Contact Allan Tépper for consulting, or find a full listing of his books, articles and upcoming seminars and webinars at Listen to his TecnoTur program, which is now available both in Castilian (aka “Spanish”) and in English, free of charge. Search for TecnoTur in iTunes or visit for more information.

Disclosure, to comply with the FTC’s rules

No manufacturer is specifically paying Allan Tépper or TecnoTur LLC to write this article or the mentioned books. Some of the other manufacturers listed above have contracted Tépper and/or TecnoTur LLC to carry out consulting and/or translations/localizations/transcreations. Many of the manufacturers listed above have sent Allan Tépper review units. So far, none of the manufacturers listed above is/are sponsors of the TecnoTur programs, although they are welcome to do so, and some are, may be (or may have been) sponsors of ProVideo Coalition magazine. Some links to third parties listed in this article and/or on this web page may indirectly benefit TecnoTur LLC via affiliate programs.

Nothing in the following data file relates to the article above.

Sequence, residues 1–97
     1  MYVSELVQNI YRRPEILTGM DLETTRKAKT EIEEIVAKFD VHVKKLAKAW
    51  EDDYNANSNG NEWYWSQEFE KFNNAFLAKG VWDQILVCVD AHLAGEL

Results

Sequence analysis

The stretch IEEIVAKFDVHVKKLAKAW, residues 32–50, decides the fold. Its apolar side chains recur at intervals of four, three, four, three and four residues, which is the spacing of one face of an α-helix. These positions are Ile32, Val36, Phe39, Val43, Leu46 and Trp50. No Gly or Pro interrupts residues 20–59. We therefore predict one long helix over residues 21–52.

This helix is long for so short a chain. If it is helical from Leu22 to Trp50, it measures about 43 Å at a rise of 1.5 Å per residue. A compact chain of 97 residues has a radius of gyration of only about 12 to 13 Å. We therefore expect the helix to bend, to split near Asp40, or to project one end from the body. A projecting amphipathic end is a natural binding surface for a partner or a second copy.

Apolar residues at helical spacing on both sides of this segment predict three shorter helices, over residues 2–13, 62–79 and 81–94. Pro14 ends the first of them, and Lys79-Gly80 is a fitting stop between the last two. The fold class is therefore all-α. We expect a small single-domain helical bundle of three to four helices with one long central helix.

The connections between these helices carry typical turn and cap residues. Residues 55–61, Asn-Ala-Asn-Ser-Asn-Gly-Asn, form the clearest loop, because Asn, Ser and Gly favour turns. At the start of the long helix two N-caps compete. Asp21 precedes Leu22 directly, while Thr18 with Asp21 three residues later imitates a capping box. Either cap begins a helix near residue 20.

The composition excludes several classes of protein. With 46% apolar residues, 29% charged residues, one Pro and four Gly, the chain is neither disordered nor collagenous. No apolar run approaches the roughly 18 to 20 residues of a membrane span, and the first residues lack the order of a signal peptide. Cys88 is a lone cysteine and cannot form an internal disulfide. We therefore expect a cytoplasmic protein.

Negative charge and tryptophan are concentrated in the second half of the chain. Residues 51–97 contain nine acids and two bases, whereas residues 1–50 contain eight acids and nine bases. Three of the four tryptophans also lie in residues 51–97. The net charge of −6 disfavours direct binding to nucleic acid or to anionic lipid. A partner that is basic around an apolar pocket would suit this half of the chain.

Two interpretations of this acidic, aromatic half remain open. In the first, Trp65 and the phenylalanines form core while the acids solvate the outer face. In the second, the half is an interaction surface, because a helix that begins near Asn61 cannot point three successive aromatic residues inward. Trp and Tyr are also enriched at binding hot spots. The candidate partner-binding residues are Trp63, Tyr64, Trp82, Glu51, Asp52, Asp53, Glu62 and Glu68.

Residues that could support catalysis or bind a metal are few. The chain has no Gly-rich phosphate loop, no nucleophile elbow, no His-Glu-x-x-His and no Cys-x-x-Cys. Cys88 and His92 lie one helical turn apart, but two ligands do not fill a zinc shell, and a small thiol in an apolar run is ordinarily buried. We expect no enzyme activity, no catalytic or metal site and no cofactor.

Copyright and use of this article

The articles contained in the TecnoTur channel in ProVideo Coalition magazine are copyright Allan Tépper/TecnoTur LLC, except where otherwise attributed. Unauthorized use is prohibited without prior approval, except for short quotes which link back to this page, which are encouraged!

Allan Tépper

Allan Tépper

Born in Connecticut, United States, Allan Tépper is a bilingual consultant, multi-title author, tech journalist, translator, and language activist who has been working with professional video since the eighties. Since 1994, Tépper has been consulting both end-users and manufacturers through his Florida company. Via TecnoTur, Tépper has been giving video tech seminars in several South Florida’s universities and training centers, and in a half dozen Latin American countries, in their native language. Tépper has been a frequent radio/TV guest on several South Florida, Guatemalan, and Venezuelan radio and TV stations. As a certified ATA (American Translators Association) translator, Tépper has translated and localized dozens of advertisements, catalogs, software, and technical manuals for the Spanish and Latin American markets. He has also written many contracted white papers for tech manufacturers. Over the past 18 years, Tépper’s articles have been published or quoted in more than a dozen magazines, newspapers, and electronic media in Latin America. Since 2008, Allan Tépper’s articles have been published frequently –in English– in ProVideo Coalition magazine, and since 2014, he is is the director of Capicú His website is AllanTé